The Capital Centre was the first-ever home of the Washington Capitals and was constructed in 1972 under former Capitals Owner Abe Pollin, who owned the team from its inception in 1974 to 1999, when he sold the team to current owner Ted Leonsis. The historic arena was demolished in 2002 to make way for the shopping complex that currently bears its name, The Boulevard at the Capital Centre. Now, 44 years later, there will be a Family Reunion to celebrate and reminisce about what was once one of the DMV’s most famous buildings.
The Family Reunion is geared towards those who worked past events, box office, parking, backstage operations, former Capitals and Washington Bullets (now Wizards) front office members, and arena maintenance, but IS open to the public. The event will be held at The Clarice Smith Performing Arts Center on the campus of the University of Maryland on Sunday, May 21, 2017, from 2:00-4:30 P.M. The event will also feature a Heavy Metal Parking Lot exhibit, which looks back at the filming of a short documentary filmed at the arena in 1986. The film was about a group of heavy metal music fans that partied during a Judas Priest concert (British heavy metal band). The event will also feature items from the Capital Centre on display, videos from the building, and the University of Maryland will be donating any items for an establishment for a Capital Centre Collection. More info about the event can be found here.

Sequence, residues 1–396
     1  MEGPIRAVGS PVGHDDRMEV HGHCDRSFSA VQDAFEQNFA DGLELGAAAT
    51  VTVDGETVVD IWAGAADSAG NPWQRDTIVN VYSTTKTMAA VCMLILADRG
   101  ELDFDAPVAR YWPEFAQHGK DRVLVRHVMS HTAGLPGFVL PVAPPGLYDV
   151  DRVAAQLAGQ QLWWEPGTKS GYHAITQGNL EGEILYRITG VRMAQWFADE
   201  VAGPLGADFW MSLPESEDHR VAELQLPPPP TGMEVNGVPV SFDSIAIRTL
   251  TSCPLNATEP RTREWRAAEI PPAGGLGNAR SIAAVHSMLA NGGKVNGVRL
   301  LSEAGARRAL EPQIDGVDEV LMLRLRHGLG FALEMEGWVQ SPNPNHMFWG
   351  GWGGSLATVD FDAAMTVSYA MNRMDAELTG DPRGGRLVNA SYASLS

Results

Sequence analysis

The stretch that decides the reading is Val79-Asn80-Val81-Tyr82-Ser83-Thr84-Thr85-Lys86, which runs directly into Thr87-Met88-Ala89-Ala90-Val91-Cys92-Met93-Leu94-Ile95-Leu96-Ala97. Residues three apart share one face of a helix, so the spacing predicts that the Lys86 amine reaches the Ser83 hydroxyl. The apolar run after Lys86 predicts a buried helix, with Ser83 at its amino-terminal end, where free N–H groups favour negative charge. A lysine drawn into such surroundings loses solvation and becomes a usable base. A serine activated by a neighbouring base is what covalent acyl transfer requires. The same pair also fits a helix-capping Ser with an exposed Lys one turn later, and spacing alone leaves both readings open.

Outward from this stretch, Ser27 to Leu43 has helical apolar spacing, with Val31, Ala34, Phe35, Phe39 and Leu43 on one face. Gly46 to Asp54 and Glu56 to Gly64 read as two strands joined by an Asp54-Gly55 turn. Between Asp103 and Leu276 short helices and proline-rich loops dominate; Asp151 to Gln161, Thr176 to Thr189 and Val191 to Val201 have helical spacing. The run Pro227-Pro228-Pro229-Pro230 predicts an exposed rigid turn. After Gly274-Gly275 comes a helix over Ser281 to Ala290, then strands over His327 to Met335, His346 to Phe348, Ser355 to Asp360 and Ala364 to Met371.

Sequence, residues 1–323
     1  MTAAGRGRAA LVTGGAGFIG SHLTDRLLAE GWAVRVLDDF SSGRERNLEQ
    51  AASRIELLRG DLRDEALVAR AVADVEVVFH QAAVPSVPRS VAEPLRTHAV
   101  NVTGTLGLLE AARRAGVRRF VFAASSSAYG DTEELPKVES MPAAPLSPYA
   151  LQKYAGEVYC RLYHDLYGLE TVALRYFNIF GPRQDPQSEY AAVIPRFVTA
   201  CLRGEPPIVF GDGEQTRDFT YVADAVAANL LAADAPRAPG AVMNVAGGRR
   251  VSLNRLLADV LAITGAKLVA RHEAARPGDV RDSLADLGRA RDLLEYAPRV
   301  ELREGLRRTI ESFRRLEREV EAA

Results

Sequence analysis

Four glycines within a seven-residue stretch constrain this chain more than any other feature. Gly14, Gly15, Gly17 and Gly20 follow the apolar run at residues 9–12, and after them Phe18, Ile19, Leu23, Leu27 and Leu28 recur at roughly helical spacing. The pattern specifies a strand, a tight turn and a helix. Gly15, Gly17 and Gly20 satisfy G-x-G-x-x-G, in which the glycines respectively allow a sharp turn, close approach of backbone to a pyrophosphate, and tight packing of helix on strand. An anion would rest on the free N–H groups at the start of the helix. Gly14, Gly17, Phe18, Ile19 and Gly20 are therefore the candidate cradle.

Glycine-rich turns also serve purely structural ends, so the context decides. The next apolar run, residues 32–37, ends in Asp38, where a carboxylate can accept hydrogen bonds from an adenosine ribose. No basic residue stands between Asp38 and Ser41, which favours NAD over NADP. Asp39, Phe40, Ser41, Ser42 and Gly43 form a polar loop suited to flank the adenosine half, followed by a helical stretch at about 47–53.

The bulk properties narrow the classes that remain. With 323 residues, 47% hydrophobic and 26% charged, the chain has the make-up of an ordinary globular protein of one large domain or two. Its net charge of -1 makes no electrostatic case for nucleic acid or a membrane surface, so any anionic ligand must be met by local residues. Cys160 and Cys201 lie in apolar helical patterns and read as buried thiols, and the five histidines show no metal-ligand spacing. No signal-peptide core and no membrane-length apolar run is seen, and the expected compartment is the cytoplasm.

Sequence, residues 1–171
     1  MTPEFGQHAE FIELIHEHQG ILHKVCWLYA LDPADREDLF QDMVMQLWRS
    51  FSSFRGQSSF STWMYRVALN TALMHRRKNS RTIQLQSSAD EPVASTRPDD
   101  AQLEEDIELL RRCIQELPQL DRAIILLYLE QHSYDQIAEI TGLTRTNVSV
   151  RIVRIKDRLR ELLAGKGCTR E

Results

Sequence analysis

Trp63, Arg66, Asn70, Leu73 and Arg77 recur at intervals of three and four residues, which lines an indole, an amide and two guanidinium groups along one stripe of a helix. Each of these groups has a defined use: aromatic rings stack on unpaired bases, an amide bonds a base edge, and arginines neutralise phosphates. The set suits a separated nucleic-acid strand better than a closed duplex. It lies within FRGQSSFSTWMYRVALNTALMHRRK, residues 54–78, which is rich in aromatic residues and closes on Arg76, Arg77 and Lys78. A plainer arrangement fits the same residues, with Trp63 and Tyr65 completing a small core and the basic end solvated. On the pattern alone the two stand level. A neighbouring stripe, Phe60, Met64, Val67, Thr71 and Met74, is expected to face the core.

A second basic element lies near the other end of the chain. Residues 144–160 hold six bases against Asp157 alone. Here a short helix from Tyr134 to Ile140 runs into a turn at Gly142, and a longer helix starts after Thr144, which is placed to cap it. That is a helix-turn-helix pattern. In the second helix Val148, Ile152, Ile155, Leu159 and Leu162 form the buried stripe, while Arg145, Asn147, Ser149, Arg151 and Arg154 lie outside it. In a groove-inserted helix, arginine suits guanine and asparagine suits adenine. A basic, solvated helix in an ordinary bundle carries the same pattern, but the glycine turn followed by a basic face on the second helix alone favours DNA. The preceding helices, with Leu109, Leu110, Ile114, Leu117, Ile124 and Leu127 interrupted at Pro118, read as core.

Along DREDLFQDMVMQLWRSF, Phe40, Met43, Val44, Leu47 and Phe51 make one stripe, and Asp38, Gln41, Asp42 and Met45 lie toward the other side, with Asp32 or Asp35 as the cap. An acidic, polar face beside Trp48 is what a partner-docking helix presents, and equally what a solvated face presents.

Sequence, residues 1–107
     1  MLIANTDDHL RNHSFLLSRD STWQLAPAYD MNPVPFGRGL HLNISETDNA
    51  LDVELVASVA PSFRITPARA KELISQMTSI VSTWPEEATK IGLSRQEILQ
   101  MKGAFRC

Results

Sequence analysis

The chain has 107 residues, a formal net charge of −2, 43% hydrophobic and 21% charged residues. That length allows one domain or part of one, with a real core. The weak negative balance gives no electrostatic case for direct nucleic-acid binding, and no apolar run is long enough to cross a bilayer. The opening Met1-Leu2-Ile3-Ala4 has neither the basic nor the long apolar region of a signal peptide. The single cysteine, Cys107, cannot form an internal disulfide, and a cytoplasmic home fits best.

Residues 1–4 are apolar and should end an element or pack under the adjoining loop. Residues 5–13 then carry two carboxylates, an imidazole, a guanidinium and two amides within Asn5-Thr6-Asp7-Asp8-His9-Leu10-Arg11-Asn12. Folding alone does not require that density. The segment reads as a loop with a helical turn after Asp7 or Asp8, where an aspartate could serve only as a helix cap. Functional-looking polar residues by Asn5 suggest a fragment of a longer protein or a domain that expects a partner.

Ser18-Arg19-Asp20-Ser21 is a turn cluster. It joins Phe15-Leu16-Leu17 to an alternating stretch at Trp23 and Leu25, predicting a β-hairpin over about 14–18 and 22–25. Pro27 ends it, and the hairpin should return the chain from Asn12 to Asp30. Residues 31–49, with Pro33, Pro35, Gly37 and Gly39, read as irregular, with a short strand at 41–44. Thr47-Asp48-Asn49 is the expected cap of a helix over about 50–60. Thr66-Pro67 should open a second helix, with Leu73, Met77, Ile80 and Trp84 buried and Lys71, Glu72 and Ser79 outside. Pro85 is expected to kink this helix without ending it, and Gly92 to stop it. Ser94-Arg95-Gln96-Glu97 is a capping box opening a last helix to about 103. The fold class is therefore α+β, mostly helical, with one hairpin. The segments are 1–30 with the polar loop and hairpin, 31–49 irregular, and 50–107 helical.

The Capital Centre was the home of both the Capitals and Bullets/Wizards until 1997, when the teams moved to downtown Washington D.C. to the MCI Center (now the Verizon Center).
The building would remain standing for another five years before being demolished. The Capital Centre saw some amazing moments in Capitals’ history, including former Capitals captain (and Head Coach) Dale Hunter score a goal on a breakaway in overtime in Game 7 of the 1988 Patrick Division Semifinals, the 1982 NHL All-Star Game, and of course, the very first game in franchise history. It was the first arena to feature built-in suites, computerized ticketing, and the first jumbotron, known as the Telescreen.
**Thanks to Jeff Krulik, the filmmaker who shot the Heavy Metal Parking Lot documentary, for his help on the details of the event!**
By Michael Fleetwood